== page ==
HOULTON, Maine — It is easy to see why the Houlton High School girls soccer team is 10-2 and sitting in second place in the Eastern Maine Class C Heal Point Standings.
The Shiretowners have allowed only 10 goals in their 12 games and only division leader Fort Kent, which has given them their only two losses, has scored more than one goal against them.
Fort Kent beat them 3-2 and 3-1.
Houlton has scored 52 goals.
The Shires have an All-Penobscot Valley Conference goalkeeper in senior Marina Cameron but seventh-year head coach Tim Tweedie said a lot of the credit should go to his four backs.
Juniors Abby Deveau, Sam Keegan and Jessy Dicksion are three-year starters and have been joined in the back by freshman Chelsea Gentle.
“They have done a great job containing the other teams’ front six and getting the ball up to our front six,” said Tweedie.
He said the four backs are very similar.
“They’re all quick and they’re all good athletes who play two or three sports,” said Tweedie. “They’re also best friends, and that also helps.”
He said one of the most important aspects of being effective in the back is communication, and that has been among their strengths.
“Since they’re best friends, we don’t have any issues with that,” said Tweedie.
Gentle has been a nice addition, according to Tweedie.
“She’s probably the fastest kid on our team, so she can stay with pretty much anybody on the other team. We put her on the other team’s fastest player,” said Tweedie.
Deveau will also be used as a marking back.
He said he varies their alignment in the back, depending upon the opponents.
“That helps keep them more focused. It gives them something to shoot for,” said Tweedie.
Mikaelah Tracy headlines the midfield and is the only other senior starter along with keeper Cameron.
Tweedie said Tracy was a 12-goal scorer a year ago but has accepted a new role as a holding (defensive) midfielder and played very well.
“We’ve received 24 goals from our freshmen, so we’ve asked Mikaelah to be more of a possession midfielder and do the dirty work to allow the freshmen to put the ball in the net,” said Tweedie. “But I also have to remind her that she can score goals, too. She can make runs, and she has scored four goals in our last three games.”
Tracy leads the team in assists with eight.
One of those freshman scorers is midfielder Katie Condon, who has nine goals. Another is striker Natalie Hill, who has eight.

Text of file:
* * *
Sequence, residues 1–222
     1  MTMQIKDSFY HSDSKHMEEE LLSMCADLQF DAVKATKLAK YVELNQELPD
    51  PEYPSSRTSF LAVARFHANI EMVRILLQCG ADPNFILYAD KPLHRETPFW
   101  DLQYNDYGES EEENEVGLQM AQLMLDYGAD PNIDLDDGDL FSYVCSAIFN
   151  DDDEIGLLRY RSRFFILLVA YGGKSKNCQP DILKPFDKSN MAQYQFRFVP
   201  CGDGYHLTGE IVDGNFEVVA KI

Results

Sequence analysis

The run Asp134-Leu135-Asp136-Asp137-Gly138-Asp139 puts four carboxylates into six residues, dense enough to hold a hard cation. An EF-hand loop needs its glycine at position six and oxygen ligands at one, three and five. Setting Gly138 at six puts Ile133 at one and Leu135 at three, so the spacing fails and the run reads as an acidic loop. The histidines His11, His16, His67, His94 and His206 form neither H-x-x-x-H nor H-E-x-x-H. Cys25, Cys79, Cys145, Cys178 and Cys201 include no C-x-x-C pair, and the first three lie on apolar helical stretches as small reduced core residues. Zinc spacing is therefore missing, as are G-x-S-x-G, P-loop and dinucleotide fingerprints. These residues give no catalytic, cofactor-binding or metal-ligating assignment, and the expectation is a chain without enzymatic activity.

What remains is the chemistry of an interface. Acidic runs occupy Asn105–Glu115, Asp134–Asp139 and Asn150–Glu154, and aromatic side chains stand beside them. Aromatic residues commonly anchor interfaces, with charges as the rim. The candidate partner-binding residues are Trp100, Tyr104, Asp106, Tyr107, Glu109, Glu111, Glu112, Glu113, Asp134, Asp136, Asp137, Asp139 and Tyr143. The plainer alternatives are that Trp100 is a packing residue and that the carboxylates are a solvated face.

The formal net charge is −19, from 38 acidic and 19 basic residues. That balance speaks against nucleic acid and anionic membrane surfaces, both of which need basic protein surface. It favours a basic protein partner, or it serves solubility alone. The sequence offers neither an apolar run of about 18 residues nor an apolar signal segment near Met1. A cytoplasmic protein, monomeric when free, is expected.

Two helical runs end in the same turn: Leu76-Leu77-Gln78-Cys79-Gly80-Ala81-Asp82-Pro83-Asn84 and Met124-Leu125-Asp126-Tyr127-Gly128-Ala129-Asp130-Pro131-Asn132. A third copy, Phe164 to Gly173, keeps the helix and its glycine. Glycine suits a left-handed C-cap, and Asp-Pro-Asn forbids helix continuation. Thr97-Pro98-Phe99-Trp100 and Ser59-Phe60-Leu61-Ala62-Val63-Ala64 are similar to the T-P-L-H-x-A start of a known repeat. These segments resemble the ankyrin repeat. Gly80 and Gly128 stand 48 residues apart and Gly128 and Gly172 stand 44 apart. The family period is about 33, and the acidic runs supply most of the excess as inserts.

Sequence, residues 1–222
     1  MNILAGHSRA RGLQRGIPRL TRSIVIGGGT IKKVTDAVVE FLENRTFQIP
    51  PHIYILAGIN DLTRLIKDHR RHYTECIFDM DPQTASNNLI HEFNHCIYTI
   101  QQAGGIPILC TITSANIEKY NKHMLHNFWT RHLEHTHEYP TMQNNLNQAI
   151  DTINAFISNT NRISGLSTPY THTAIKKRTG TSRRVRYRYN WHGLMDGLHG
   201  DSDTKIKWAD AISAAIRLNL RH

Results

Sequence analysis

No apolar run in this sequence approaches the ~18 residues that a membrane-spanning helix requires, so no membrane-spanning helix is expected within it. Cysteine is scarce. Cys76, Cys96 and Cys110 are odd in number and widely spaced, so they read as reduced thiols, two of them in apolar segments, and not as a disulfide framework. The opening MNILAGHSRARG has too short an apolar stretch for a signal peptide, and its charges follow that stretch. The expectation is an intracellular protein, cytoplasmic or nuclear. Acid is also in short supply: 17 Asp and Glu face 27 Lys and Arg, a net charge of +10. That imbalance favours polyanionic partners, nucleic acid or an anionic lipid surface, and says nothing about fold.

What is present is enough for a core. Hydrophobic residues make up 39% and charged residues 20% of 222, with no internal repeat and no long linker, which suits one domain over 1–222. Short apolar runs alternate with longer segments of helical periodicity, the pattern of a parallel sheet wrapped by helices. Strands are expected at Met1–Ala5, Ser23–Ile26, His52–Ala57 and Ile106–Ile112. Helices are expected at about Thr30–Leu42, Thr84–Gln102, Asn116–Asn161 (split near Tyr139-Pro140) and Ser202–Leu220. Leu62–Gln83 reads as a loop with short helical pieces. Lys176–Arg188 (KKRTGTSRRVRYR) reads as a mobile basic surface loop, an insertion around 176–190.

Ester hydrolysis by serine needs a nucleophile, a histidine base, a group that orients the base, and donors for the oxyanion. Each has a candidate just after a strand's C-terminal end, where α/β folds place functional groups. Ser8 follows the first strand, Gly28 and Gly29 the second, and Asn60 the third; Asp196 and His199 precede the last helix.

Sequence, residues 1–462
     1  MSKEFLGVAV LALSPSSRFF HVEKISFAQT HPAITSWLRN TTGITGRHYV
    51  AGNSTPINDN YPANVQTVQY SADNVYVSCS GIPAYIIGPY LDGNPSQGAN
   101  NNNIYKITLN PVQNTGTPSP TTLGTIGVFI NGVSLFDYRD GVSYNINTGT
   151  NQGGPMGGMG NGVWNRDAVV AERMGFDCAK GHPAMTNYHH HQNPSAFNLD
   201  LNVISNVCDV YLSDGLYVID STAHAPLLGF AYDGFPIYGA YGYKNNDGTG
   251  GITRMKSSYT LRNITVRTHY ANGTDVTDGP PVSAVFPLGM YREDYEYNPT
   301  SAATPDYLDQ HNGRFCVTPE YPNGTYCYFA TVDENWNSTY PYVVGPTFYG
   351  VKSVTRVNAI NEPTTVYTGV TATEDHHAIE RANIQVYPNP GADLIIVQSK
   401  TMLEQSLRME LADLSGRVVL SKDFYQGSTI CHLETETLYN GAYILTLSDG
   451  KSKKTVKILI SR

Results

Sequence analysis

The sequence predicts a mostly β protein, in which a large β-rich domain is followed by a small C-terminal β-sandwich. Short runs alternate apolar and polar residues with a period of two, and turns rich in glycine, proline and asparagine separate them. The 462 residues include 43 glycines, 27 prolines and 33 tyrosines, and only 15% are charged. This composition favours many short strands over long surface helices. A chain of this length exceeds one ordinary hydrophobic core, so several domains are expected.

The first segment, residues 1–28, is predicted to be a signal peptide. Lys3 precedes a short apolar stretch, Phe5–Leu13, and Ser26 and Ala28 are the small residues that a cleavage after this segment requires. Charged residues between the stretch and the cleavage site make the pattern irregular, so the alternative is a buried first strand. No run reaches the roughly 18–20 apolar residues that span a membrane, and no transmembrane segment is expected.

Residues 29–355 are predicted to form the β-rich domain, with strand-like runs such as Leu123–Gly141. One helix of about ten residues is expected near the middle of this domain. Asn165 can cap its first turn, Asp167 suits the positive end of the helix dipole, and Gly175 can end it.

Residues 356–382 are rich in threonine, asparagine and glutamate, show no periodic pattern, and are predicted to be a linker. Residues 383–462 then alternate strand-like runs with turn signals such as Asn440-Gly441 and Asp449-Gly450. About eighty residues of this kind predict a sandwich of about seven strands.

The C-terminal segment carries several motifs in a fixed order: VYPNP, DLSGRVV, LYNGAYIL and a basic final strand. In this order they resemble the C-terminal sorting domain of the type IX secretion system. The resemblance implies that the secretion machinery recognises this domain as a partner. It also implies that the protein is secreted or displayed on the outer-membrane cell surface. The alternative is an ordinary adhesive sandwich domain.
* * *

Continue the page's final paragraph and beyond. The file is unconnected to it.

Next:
Joining Tracy and Condon in the midfield are junior Bre Longstaff and sophomore Emily Mooers.
Up front, junior Alana Pratt is believed to have broken the school single-season goals record with 19, according to Tweedie.
“She’s very quick. She has scored seven goals the last two games,” said Tweedie. “She was sluggish and tired at the outset of the season, and she found out she had a hyperthyroid condition. She has been on medication the past few weeks and has been scoring a lot of goals.”
Hill joins her up front, and Mooers will sometimes play there.
Tweedie said another key to their season is many of their players are versatile and can play different positions.
Cameron, for example, can play up front, and Tweedie said she is capable of scoring 10 goals. She has seen some duty up front, thanks to the fact they have a capable backup keeper in junior Tanika Toby.
The fact 26 players between the junior high and high school teams attended summer soccer camps has also been a plus.
And the future looks bright.
“The junior high team went 8-2-1, and that’s the best season they’ve had since I’ve been here,” said Tweedie, whose Shires played Hodgdon/Greater Houlton Christian Academy on Wednesday and finish up the regular season at Madawaska on Monday night.
Cavanaugh nears 100-goal mark
Now that Central High School striker Max McHugh has reached the 100-goal plateau for her career, next in line could be Calais’ Meaghan Cavanaugh.
Cavanaugh has 95 goals and has scored 35 this season despite being heavily marked.
Her 9-3 Blue Devils finish the regular season Saturday against Madawaska. They will also play in a Downeast Athletic Conference championship game before the playoffs.
They are fifth in the Eastern Maine Class C Heal Points.
“[To score 100 goals] would be awesome,” said Cavanaugh. “But it’s not the most important thing. Winning is more important.”
Calais coach John Braughton said there are several reasons behind her success.
“She’s very fast and that’s also with the ball at her feet, not just running,” said Braughton. “She’s a very accurate finisher. She hits the corners.”
The 5-foot-3 Cavanaugh is also “very physically tough for her size,” which enables her to shed players trying to mark her.
“She’s tenacious. She never gives up on a play,” said Braughton. “And she has very good composure. She’s not just a goal scorer. She makes the right plays. She’ll make the [right] pass.”
Houlton coach Tim Tweedie said, “She’s tough. She’s super fast and has that drive to score. She gets the ball and goes strong to the goal.”
Cavanaugh said being marked has been an unpleasant challenge, “but I’ve had a lot of help from my teammates. They have made good passes to me.”
Braughton said juniors Jamie Fein and Kaitlyn Cundiff have been valuable distributors to Cavanaugh, along with sophomore Madison McVicar.
Cavanaugh also plays softball and basketball and is following in the footsteps of her older brothers Sean and Ryan, who were also three-sport athletes at Calais. Meaghan Cavanaugh is also the president of the National Honor Society, as were her brothers.
“I learned from them,” she said.